I will not believe modelling has made any sort of progress until they start including and upholding being healthy. I want to see a girl who has muscles and some healthy fat on her body, not someone who has used food as a weapon and not sustenance. Where has all this love for obese models come from? This is not a healthy way to be, your body is not thanking you for the vast amounts of weight your poor skeleton has to pull around all day. You will suffer health-complications just the same as those who are too thin due to diet and extreme exercise.
Can we please stop condoning and supporting unhealthy models in the media and start to find those who are truly an aspiration. We have only replaced a picture of a thin woman with a vastly fat one in our daughters’ bedrooms and in no way is that acceptable.
If we no longer see the beauty in others, then let our children grow up knowing that whilst beauty is only skin-deep, we can always be strong and we can always be healthy. Let our children see role-models who we can be proud of.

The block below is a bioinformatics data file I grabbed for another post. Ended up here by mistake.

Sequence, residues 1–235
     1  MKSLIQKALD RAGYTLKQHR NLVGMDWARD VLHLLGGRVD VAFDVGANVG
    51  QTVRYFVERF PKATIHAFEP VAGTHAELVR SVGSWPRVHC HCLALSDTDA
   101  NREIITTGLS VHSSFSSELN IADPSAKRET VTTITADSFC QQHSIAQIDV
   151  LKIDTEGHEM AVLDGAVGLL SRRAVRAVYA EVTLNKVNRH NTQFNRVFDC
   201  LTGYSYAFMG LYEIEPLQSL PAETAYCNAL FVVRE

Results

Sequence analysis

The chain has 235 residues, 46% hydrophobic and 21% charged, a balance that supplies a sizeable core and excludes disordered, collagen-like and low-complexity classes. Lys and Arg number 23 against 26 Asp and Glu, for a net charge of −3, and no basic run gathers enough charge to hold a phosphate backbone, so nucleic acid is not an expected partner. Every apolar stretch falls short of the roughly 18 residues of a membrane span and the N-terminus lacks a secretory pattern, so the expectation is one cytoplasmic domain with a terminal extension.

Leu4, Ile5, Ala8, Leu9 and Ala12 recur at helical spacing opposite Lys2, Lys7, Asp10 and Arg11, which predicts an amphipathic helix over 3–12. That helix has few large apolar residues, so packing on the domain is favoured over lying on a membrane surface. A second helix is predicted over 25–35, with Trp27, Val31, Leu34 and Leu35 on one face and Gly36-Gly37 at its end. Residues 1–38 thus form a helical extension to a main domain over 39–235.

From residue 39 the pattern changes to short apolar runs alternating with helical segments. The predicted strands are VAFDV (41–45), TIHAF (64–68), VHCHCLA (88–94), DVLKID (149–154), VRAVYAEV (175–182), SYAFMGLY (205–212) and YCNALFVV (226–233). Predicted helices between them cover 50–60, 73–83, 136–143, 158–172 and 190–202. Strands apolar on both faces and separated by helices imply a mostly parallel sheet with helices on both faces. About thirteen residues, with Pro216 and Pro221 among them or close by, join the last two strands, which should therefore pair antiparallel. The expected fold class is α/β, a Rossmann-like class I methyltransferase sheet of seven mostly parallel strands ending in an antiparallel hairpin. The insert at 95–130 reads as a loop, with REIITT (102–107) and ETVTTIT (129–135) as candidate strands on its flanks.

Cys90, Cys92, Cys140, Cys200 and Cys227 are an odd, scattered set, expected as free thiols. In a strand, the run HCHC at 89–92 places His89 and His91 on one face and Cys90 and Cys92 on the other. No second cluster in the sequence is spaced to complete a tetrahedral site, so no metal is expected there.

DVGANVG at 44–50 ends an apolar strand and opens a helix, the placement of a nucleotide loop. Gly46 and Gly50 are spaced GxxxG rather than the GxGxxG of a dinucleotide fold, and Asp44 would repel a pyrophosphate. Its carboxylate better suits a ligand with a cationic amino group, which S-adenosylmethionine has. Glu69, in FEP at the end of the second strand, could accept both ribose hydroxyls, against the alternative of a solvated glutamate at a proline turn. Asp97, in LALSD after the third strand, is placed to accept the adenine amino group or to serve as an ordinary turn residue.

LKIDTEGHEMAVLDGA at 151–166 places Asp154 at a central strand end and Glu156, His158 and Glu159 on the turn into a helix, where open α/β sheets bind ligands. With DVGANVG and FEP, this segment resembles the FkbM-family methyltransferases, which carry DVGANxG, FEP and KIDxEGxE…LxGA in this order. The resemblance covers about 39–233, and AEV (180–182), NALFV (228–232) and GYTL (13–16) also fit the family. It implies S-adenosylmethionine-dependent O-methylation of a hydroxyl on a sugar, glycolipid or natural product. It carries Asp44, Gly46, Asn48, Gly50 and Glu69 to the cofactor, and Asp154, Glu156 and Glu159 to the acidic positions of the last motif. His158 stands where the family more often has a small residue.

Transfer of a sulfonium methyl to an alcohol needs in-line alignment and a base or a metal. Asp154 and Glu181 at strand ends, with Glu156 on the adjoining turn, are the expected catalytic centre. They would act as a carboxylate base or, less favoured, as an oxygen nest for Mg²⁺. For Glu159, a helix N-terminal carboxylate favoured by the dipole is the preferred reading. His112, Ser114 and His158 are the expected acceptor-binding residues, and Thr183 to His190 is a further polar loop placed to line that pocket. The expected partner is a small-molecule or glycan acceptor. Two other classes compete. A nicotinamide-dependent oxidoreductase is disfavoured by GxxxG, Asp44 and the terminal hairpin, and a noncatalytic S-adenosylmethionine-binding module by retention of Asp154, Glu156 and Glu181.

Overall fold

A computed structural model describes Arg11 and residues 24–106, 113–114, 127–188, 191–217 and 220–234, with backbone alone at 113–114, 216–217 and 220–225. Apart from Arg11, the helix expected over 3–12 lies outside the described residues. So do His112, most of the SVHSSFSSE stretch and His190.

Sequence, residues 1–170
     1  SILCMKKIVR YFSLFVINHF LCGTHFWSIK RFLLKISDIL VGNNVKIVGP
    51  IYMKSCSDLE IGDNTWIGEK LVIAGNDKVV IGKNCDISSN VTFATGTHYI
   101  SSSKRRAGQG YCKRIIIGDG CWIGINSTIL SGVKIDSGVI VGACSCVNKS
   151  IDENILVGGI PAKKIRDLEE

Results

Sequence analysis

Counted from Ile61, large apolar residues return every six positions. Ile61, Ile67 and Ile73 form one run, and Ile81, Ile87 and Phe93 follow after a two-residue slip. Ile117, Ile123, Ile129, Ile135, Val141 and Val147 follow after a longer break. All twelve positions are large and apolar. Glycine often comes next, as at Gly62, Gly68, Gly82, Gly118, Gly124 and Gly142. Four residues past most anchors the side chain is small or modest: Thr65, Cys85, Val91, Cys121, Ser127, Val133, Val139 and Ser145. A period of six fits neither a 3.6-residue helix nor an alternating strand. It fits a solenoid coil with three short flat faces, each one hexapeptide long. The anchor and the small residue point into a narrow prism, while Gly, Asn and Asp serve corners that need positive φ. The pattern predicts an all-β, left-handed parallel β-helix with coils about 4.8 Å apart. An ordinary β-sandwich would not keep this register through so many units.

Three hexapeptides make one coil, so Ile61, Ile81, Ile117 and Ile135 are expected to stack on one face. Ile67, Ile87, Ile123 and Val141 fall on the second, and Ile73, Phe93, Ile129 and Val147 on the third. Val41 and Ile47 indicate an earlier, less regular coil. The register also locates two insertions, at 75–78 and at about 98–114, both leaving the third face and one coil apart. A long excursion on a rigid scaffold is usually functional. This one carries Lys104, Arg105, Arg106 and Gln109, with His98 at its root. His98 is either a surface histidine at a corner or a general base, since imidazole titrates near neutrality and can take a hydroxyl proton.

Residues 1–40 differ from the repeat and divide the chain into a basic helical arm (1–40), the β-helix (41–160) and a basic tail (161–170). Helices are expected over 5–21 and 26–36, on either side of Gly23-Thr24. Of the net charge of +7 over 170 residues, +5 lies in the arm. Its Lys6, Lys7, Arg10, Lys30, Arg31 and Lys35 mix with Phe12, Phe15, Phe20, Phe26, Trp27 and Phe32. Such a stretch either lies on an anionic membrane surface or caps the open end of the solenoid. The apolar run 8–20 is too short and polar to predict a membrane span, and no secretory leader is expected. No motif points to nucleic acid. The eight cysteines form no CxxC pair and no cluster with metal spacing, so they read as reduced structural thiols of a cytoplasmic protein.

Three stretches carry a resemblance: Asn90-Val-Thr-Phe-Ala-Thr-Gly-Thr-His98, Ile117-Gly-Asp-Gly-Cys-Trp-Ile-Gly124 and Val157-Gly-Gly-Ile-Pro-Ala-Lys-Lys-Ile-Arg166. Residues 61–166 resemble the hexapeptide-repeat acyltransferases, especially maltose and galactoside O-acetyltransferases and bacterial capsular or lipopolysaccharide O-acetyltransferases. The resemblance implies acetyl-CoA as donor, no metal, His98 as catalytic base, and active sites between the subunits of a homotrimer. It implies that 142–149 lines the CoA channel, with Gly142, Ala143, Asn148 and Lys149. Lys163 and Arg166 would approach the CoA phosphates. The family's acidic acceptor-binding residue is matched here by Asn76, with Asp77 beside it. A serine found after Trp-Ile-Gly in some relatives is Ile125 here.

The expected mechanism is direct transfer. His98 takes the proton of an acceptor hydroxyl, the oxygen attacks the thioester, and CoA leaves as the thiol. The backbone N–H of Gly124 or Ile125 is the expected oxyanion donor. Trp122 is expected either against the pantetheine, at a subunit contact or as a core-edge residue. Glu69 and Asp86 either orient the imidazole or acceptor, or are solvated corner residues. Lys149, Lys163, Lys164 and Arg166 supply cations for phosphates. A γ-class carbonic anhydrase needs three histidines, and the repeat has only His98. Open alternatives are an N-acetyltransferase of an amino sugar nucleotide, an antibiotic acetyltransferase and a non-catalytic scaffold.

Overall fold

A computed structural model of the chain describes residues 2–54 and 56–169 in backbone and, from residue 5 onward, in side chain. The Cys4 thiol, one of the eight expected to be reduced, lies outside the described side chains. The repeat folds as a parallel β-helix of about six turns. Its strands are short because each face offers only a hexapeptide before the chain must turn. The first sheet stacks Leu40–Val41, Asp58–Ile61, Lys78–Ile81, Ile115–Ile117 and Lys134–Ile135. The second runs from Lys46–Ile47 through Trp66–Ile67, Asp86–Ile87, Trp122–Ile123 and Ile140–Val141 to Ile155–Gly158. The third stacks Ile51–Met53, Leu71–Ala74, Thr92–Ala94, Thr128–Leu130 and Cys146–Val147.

When did we start replacing health with such extremes and why are we still stepping on egg-shells in relation to this topic?
Calling someone skinny can be commonplace and calling someone fat can be insulting, but they each even out to the same topic of shaming other women for the way that their trousers fit. We need to be the change we want to see and I want to see everyone aiming to be a better version of themselves.
Let us scrap these two extremes and promote fitness as a way of life. Extreme modelling should be banned, for either end of the spectrum.